Historically, epilepsy has been neglected, feared, and misunderstood. A veil of secrecy surrounding the disease has resulted in myths, superstitions, and a general lack of knowledge. This has impeded scientific progress toward finding answers to one of the oldest-known and most prevalent neurological diseases, leaving treatment and research efforts in the dark ages.
It is estimated that close to 1.5 of the 3 million Americans with epilepsy do not have complete seizure control, or only experience seizure control at the cost of debilitating side effects from medications. The need for a cure is clear.Many of the patients are children, who can experience up to hundreds of seizures a day. The impact on the developing brain ranges from learning disabilities to retardation, and in a disturbingly large number of patients, even death.
There is an increasingly large incidence of new onset epilepsy in the aging population as a result of strokes, brain tumors, and Alzheimer's Disease. In addition, for many soldiers suffering traumatic brain injury on the battlefield, epilepsy will be a long-term consequence.
In normal brain function, millions of tiny electrical charges pass from nerve cells in the brain to the rest of the body. A seizure occurs when the normal pattern is interrupted by sudden and unusually intense bursts of electrical energy which may cause strange sensations, emotions, behaviors or convulsions, muscle spasms, and loss of consciousness. These unusual bursts are called seizures.
When a person has had two or more seizures which have not been provoked by specific events such as trauma, infection, fever, or chemical change, he or she is considered to have epilepsy.
Epilepsy may develop because of an abnormality in brain wiring, an imbalance of nerve signaling chemicals (neurotransmitters), or a combination of these factors. Causes of epilepsy may include head injuries, brain tumors, lead poisoning, certain genetic diseases and some infectious diseases. However, in more than half the patients with epilepsy, the cause is still unknown.
LETTER FROM THE CHAIR
Welcome to the State of Research in the Epilepsies 2013 report. Within these pages, we hope you will find information that is both useful and compelling. We are grateful to the many people who contributed to this project because they—like you—recognize the urgency of moving our collective agenda forward, faster.
Like our last report of 2010, the news is encouraging, but also very sobering.
It’s encouraging because the last few years have brought a number of promising trends. Collaboration has increased throughout the field. On the whole, the community of epilepsy researchers is strong and growing. More young, bright scientific minds are joining our ranks, and we have witnessed an increase in epilepsy-related research publications and society memberships. And, most importantly, recent scientific advances have provided renewed hope that a disease modifying therapy or cure is within reach.
But, it is sobering because we continue to face major challenges. Per patient funding of epilepsy research continues to be inadequate to create long-overdue breakthroughs.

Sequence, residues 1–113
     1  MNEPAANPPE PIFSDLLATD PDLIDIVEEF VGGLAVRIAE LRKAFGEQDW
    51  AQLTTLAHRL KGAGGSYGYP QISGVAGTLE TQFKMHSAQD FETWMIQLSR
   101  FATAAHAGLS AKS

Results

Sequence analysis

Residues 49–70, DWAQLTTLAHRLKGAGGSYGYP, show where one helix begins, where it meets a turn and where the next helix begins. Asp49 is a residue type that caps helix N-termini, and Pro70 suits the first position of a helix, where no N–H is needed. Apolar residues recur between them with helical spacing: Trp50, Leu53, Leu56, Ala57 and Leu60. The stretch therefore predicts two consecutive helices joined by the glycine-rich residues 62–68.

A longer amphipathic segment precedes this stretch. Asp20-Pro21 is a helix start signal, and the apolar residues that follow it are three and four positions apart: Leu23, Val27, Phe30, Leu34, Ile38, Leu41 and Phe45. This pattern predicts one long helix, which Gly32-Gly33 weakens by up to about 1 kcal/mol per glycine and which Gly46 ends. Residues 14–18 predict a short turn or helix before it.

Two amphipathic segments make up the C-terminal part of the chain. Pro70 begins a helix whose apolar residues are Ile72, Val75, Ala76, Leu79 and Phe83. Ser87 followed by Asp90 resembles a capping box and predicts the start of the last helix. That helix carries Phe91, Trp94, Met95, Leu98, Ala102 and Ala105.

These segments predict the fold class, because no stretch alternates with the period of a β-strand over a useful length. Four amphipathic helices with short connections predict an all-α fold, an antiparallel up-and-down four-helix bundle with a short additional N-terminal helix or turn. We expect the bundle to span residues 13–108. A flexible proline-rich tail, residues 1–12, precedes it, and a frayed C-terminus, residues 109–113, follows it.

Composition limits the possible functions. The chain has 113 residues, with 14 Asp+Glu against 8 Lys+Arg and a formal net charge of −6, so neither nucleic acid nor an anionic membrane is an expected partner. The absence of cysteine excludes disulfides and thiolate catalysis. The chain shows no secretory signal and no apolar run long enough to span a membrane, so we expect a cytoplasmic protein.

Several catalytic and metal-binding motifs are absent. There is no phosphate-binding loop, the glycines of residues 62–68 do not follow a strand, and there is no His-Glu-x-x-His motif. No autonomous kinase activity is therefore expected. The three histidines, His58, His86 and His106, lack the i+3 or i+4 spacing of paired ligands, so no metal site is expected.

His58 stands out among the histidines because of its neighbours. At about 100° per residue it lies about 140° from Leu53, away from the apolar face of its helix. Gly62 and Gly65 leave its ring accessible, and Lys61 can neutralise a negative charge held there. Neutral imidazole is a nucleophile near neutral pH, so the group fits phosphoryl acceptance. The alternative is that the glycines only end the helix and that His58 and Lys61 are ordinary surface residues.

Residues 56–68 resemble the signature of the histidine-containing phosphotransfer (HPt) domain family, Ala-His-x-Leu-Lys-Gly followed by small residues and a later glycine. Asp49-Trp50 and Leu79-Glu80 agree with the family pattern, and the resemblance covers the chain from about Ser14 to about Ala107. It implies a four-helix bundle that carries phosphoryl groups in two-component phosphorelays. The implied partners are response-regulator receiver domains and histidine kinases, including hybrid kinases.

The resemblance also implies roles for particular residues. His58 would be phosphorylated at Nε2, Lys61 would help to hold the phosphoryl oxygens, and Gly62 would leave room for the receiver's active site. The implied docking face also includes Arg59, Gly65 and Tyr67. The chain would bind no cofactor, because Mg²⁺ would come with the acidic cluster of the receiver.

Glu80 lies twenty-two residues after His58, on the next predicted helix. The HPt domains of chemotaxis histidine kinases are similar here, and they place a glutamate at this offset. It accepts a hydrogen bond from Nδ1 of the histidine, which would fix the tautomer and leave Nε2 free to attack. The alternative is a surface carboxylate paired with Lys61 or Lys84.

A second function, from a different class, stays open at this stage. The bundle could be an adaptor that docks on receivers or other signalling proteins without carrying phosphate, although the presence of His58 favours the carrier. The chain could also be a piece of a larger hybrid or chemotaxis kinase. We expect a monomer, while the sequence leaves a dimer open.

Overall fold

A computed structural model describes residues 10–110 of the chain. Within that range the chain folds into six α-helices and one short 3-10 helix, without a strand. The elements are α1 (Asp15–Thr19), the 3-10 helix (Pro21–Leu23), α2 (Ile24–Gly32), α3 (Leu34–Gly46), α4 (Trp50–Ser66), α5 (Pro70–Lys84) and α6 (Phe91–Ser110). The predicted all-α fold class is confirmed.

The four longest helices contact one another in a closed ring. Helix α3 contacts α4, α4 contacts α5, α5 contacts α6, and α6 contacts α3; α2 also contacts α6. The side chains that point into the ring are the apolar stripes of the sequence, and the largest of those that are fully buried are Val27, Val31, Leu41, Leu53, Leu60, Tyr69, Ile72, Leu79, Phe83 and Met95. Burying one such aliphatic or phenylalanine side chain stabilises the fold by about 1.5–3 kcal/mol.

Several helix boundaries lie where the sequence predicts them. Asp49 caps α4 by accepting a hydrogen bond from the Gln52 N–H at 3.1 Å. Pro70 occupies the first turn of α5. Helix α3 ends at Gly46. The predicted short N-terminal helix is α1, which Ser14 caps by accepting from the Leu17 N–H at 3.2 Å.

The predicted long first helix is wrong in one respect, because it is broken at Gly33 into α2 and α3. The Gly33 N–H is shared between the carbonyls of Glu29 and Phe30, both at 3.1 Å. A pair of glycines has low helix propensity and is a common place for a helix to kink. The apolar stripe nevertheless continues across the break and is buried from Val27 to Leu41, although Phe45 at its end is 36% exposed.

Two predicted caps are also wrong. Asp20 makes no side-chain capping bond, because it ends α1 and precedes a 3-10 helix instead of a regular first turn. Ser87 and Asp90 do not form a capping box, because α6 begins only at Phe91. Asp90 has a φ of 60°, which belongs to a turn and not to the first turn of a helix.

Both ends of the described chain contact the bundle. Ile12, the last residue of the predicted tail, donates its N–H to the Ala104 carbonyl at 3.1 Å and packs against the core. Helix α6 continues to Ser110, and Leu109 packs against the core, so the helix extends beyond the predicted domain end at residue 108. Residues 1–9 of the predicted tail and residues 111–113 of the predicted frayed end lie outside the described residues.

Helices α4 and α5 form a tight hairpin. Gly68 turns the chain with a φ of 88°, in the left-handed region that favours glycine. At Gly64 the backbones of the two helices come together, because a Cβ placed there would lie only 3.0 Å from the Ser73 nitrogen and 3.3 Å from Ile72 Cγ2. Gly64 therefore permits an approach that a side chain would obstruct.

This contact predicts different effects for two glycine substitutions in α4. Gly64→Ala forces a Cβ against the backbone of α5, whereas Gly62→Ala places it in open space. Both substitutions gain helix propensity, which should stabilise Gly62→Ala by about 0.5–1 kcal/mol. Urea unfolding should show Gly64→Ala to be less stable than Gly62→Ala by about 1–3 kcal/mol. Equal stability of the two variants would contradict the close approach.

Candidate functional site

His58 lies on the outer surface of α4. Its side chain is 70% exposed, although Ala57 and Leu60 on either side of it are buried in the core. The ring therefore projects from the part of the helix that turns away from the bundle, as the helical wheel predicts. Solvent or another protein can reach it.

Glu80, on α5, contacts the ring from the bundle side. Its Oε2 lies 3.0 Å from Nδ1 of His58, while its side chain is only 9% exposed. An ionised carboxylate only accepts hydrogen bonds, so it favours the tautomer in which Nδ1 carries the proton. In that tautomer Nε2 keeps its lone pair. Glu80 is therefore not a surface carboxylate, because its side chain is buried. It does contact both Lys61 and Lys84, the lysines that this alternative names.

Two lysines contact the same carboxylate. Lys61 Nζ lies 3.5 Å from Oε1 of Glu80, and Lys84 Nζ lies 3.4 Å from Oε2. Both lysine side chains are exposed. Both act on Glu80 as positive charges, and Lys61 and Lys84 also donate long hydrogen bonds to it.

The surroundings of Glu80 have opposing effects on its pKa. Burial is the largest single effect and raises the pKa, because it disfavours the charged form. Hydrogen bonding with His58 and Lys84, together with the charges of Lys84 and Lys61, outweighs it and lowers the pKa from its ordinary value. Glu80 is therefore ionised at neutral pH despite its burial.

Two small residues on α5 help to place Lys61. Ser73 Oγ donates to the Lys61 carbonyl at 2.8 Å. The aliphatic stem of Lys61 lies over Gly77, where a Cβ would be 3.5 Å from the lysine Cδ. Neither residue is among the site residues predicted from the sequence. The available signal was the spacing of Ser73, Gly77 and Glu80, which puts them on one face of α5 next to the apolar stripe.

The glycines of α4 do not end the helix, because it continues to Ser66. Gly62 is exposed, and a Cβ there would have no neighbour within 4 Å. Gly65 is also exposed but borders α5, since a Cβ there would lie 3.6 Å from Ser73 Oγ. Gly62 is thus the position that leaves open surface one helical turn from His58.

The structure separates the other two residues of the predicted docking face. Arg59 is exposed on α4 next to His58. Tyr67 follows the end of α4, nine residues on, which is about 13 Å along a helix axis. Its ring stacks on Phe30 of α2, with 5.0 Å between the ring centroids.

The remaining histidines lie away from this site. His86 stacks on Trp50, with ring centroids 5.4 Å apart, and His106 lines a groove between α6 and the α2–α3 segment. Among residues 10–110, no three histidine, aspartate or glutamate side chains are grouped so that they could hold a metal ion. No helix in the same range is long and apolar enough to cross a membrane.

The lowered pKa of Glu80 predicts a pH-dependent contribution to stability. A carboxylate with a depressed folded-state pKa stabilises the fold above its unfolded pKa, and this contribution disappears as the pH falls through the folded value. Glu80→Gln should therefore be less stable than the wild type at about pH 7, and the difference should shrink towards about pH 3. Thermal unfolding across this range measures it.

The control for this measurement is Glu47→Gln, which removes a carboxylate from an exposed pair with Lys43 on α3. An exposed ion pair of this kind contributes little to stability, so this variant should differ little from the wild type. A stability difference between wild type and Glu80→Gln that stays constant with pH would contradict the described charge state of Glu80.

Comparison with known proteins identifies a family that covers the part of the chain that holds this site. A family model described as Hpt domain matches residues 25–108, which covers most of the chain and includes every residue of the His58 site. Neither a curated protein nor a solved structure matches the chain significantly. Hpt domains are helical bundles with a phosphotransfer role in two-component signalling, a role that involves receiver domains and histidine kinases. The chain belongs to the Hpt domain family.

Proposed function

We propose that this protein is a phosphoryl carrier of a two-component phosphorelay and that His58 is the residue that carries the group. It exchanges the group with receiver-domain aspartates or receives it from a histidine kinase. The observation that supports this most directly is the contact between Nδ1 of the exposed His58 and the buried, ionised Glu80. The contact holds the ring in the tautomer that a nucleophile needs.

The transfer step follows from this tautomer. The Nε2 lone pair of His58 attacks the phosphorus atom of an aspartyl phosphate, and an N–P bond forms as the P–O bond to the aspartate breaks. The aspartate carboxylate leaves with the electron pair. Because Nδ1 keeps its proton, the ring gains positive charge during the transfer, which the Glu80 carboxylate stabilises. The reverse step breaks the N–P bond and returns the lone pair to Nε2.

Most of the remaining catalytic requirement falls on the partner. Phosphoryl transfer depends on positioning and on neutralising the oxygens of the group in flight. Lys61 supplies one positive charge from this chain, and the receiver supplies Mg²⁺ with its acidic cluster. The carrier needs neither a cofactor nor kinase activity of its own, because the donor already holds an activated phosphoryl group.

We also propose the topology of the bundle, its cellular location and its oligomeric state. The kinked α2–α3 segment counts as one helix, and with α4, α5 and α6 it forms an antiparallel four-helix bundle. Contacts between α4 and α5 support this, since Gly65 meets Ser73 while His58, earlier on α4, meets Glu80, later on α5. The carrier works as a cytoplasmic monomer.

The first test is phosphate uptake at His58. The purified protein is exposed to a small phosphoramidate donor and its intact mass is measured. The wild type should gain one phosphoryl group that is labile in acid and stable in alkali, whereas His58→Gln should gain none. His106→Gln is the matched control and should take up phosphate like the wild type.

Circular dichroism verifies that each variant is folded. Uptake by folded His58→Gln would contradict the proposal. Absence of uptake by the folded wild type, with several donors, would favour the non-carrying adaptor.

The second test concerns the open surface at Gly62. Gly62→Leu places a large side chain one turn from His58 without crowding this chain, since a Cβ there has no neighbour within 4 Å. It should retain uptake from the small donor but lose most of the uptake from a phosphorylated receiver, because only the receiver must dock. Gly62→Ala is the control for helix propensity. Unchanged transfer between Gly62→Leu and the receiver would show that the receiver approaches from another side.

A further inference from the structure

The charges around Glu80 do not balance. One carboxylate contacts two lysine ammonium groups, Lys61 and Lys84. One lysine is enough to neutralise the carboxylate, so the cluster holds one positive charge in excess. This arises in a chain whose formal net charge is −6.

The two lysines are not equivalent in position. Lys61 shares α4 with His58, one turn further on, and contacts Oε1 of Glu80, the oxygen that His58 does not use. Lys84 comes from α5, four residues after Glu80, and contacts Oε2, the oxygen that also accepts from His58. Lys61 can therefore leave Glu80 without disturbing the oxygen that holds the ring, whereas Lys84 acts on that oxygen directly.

Basic and clinical epilepsy research is still primarily focused on seizure control rather than preventing or stopping the progression of the disease. And, finally, for scientific discoveries to translate into cures, our community needs to come together to develop and implement the infrastructures needed to support novel clinical trials.
For the 65 million people worldwide with epilepsy, progress is unacceptably slow. Children with uncontrollable seizures frequently face a lifetime of intellectual and developmental disability. Mortality rates among people with epilepsy are three times the rate of the general population, and sudden death rates are more than twenty times higher.
In this country alone, one in 26 people will develop epilepsy in their lifetimes. For their sake, we must continue to be vocal advocates for making epilepsy research a national priority. Our community is strong, energized and poised to make true strides towards eliminating seizures and their consequences. This collective commitment, along with a significant increase in funding, will help us to realize the true promise of research—transforming and saving lives.
I am dismayed because as I read through this report, the enormous challenges we face in advancing this field crystallize. The data confirms that funds for epilepsy research—from government, industry, and private sources—are totally insufficient given the magnitude of the problem and the status of our progress in the field. We know now that the vast majority of funding goes to incremental improvements in anticonvulsant medications (which are largely ineffective for about 40% of patients) rather than to uncovering underlying mechanisms that may lead to cures. We also know that the number of basic researchers in epilepsy is declining and that those involved have been less collaborative than their colleagues in other neurological disorders.
But, we also have great reason for hope. While our challenges are significant, I have every confidence that, as a community, we have the will and determination it takes to make meaningful progress toward defeating this disease. We are finally making strides in our efforts to communicate well beyond our community the critical importance and urgency of the need. This gives me tremendous faith that together we can turn the challenges detailed in this report into opportunities to make a real difference for our patients and loved ones.
It is within our power to make this happen, but we must act now. Lives are being ravaged and lost every day that we delay. I have tremendous hope that these reports in coming years will tell the stories of great progress toward our common goal—a cure.